William Henry Pope (Canadian politician)

William Henry Pope (May 29, 1825 – October 7, 1879) was a Canadian lawyer, politician, journalist, judge and one of the Fathers of Confederation.

William Henry Pope
Delegate to the Charlottetown Conference
from Prince Edward Island
In office
September 1, 1864 – September 9, 1864
Personal details
Born(1825-05-29)May 29, 1825
DiedOctober 7, 1879(1879-10-07) (aged 54)
Political partyIndependent

He was born in Bedeque, P.E.I.(Prince Edward Island), the son of Joseph Pope and Lucy Colledge. He was educated in England, but returned to Charlottetown where he studied law at the office of Edward Palmer. He became a lawyer in 1847. The editor of Prince Edward Island's main Tory newspaper, The Islander, from 1859 to 1872, he entered politics in 1863.

He was named Colonial Secretary in 1859 even though he was not a part of the legislature because of a government experiment of having civil servants head the government departments. When he became a representative for the constituency of Belfast in 1863, he continued to hold that position. He was one of the hosts of the Charlottetown Conference in 1864.

An enthusiastic supporter of Canadian Confederation, he left the PEI cabinet in 1864 when the government rejected Confederation outright, but continued to press for union. The allocation of land was a key issue for Islanders in the 1860s; Pope opposed the idea of escheat, a common idea at the time. After this was accomplished in 1873 under the leadership of his brother, PEI Premier James Colledge Pope, he was appointed a county court judge. His son, Joseph Pope, became the private secretary to Canada's first Prime Minister Sir John A. Macdonald and later wrote his biography The Day of Sir John Macdonald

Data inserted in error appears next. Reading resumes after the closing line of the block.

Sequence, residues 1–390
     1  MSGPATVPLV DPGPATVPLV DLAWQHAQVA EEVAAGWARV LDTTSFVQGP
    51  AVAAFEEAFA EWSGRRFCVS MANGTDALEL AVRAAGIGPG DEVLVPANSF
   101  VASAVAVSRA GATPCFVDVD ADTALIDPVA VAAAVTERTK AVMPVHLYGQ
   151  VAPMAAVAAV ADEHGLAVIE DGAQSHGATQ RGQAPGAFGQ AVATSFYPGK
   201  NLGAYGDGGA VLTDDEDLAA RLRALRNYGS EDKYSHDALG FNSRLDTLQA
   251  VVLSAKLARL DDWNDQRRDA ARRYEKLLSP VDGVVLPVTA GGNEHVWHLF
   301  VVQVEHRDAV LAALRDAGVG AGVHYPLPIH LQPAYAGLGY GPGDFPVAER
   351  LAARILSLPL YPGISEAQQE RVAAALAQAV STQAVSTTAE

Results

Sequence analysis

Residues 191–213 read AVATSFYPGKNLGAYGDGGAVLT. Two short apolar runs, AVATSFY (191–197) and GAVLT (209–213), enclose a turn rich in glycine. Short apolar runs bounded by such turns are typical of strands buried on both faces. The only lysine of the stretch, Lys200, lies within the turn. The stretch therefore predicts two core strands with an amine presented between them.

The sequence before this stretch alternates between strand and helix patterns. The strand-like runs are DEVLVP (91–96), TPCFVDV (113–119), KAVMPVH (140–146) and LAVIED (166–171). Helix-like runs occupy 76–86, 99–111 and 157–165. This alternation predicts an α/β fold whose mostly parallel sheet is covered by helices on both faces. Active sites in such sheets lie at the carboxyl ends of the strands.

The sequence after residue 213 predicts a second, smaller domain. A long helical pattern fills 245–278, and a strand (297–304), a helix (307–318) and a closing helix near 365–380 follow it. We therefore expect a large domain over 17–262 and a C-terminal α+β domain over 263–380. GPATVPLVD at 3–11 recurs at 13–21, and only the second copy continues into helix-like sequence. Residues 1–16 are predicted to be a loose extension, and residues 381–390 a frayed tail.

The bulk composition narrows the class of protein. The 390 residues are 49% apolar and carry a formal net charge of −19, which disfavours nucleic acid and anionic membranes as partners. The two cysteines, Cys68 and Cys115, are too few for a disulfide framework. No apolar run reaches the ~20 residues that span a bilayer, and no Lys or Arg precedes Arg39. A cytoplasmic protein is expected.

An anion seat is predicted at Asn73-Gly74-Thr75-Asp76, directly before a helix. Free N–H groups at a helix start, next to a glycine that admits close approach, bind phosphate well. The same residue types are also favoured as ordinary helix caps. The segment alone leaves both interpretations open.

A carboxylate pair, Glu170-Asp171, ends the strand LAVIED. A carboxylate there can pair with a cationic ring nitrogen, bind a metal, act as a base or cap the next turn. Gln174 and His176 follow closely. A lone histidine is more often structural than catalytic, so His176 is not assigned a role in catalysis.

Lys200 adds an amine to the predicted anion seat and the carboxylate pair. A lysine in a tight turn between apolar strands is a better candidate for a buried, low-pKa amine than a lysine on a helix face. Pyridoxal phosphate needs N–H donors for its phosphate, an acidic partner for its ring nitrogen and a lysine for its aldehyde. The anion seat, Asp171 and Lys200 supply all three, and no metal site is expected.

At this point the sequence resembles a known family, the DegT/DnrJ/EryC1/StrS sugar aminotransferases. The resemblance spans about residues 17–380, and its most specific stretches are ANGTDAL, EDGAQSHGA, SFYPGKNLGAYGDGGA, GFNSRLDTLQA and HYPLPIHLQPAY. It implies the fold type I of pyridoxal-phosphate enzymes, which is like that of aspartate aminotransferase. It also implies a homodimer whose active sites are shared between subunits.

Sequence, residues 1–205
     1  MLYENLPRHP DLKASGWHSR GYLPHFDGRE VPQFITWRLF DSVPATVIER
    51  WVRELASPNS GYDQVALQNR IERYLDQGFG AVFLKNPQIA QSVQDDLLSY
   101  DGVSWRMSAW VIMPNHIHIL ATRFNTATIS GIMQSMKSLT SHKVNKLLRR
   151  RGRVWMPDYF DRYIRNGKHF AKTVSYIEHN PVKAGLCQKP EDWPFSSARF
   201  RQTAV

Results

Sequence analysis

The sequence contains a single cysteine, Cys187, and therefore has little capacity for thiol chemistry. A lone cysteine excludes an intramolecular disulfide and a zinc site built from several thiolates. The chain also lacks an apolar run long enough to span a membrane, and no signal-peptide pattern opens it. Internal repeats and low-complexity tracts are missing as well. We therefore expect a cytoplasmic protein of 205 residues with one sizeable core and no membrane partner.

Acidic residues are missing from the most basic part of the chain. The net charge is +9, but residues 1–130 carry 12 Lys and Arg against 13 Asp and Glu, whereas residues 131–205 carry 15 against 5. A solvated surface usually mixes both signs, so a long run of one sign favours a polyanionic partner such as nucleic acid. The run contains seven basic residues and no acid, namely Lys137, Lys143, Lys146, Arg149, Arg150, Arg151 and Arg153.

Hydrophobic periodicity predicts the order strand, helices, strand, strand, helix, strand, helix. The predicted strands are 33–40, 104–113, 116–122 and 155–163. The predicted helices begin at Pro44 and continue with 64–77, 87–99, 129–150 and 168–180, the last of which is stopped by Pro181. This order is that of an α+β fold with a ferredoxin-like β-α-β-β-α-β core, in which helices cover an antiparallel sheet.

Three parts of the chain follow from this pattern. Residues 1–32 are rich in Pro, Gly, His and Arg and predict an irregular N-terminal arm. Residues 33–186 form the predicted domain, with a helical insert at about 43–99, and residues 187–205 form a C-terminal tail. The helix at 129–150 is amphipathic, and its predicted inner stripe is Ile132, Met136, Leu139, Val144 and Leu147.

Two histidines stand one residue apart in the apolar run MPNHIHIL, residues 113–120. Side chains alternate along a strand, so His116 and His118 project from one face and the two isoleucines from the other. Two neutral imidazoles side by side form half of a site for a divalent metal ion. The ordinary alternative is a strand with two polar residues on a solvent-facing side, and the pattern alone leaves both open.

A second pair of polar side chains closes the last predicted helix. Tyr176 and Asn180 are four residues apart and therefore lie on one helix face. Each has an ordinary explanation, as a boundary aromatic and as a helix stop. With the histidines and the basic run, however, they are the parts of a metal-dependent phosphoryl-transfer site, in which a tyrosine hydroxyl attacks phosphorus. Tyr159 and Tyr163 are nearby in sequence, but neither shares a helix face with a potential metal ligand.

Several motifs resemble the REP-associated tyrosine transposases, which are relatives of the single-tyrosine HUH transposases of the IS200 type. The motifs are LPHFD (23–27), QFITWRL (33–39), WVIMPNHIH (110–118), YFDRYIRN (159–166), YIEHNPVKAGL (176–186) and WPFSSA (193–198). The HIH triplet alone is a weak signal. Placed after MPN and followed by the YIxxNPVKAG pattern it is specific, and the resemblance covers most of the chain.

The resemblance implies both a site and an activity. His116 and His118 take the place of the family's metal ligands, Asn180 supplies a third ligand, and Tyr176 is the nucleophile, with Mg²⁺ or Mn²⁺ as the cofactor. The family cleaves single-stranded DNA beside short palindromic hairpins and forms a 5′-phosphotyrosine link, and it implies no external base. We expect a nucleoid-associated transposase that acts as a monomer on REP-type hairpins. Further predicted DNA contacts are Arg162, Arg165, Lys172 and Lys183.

Ardgowan, Pope's residence, was designated a National Historic Site of Canada in 1966.[1] During the Charlottetown Conference, the Popes billetted George Brown and hosted a luncheon for delegates at Ardgowan.

Pope was a Freemason of Victoria Lodge in Charlottestown, at the time No. 383 under the Grand Lodge of Scotland, but today No. 2 under the Grand Lodge of Prince Edward Island.[2]

References edit

  1. ^ Ardgowan. Canadian Register of Historic Places. Retrieved 18 September 2011.
  2. ^ Michael Jenkyns (July 2017). "Canada's Sesquicentennial - Freemasonry and Confederation". Grand Lodge A.F. & A.M. of Canada in the Province of Ontario. Archived from the original on 5 December 2018. Retrieved 5 December 2018.

Bibliography edit